Palms Behavioral Health opening hospital doors to public, patients Aug. 1

HARLINGEN — A ribbon-cutting and a daylong open house is on tap Monday at Palms Behavioral Health.

The new 94-bed mental health care facility at 613 Victoria Lane will immediately begin taking patients, officials said.

The $13 million mental health facility will fill what experts have lamented is a serious gap in such medical care in the Rio Grande Valley.

The Harlingen Area Chamber of Commerce and Palms Behavioral Health will hold the ribbon cutting beginning at 9 a.m.

Ceremonies will begin with remarks by the director of business development for Palms Behavioral Health, Bobby Molina, followed by the CEO of Palms Behavioral Health, Michael Sauceda, founder and president of Strategic Behavioral Health System Jim Shaheen, CEO of Driscoll Health Plan Mary Dale Peterson, Mayor Chris Boswell, State Sen. Eddie Lucio, Jr. and chamber President and CEO Chris Gonzales.

Tours of the 63,200-square-foot facility, food and prizes will be offered to the public throughout the day.

The newest Harlingen hospital is part of a rapid national expansion by Memphis-based Strategic Behavioral Health, which by year’s end will operate a dozen psychiatric treatment hospitals.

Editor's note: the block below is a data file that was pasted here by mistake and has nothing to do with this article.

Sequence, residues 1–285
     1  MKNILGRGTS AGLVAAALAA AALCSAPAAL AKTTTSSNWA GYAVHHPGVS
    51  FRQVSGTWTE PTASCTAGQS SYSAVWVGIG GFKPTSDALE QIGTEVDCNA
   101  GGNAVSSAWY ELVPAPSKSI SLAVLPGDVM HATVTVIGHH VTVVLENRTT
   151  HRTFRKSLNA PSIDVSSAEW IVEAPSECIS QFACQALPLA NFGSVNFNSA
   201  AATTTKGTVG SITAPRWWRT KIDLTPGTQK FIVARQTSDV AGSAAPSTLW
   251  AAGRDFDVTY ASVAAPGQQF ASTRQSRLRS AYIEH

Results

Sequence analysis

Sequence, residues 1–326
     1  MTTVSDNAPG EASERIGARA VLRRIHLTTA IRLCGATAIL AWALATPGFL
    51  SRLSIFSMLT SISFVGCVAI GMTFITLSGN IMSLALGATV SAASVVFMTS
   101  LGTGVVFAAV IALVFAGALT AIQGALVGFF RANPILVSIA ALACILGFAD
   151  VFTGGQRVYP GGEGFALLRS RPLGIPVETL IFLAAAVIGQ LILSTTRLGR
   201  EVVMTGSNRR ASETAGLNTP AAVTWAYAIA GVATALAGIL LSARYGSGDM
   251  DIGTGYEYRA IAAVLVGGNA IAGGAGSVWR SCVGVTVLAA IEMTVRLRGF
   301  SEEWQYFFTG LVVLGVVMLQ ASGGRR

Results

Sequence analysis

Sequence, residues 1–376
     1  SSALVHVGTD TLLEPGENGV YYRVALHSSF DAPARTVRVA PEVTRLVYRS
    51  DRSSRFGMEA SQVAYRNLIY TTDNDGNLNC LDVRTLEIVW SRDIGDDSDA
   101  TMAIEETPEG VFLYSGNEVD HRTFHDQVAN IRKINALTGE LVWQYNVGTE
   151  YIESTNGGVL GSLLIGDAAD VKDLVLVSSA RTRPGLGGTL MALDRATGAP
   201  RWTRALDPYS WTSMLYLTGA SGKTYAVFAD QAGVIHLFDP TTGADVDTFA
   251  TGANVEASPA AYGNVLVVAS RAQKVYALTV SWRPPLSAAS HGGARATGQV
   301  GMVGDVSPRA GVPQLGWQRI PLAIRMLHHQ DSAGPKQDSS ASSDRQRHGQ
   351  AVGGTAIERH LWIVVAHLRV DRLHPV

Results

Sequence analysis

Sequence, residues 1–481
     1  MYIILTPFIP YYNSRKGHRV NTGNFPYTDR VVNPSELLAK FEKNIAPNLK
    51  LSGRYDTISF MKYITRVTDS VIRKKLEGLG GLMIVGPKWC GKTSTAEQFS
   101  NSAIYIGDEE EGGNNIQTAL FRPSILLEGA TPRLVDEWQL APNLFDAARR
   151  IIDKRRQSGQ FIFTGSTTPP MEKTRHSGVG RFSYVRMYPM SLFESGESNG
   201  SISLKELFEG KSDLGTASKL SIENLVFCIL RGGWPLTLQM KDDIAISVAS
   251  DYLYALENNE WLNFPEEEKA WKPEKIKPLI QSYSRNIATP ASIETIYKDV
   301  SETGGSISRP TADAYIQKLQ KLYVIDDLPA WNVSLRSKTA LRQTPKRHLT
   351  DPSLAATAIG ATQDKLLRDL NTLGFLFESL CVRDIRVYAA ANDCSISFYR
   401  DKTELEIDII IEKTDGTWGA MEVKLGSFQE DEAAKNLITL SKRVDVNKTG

It also is a major addition to Harlingen’s growing importance as a regional medical treatment destination. Palms joins large hospitals Valley Baptist Medical Center and Harlingen Medical Center as part of the city’s growing medical community.

Sauceda, the Palms CEO, served in administrative capacities with United Health Services, the South Texas Health System and Doctors Hospital at Renaissance in Edinburgh.

Sauceda served as administrator over behavioral health care at Doctors Hospital from February 2015 to March, when he was hired to run Palms Behavioral Health.

In an interview in June, Sauceda said the Valley has made strides in improving mental health care, but said a lack of treatment options for patients remains. He said Palms Behavioral Health will begin to help fill some of those gaps.

When fully staffed, Palms Behavioral Health is expected to employ 225 people, company officials have said.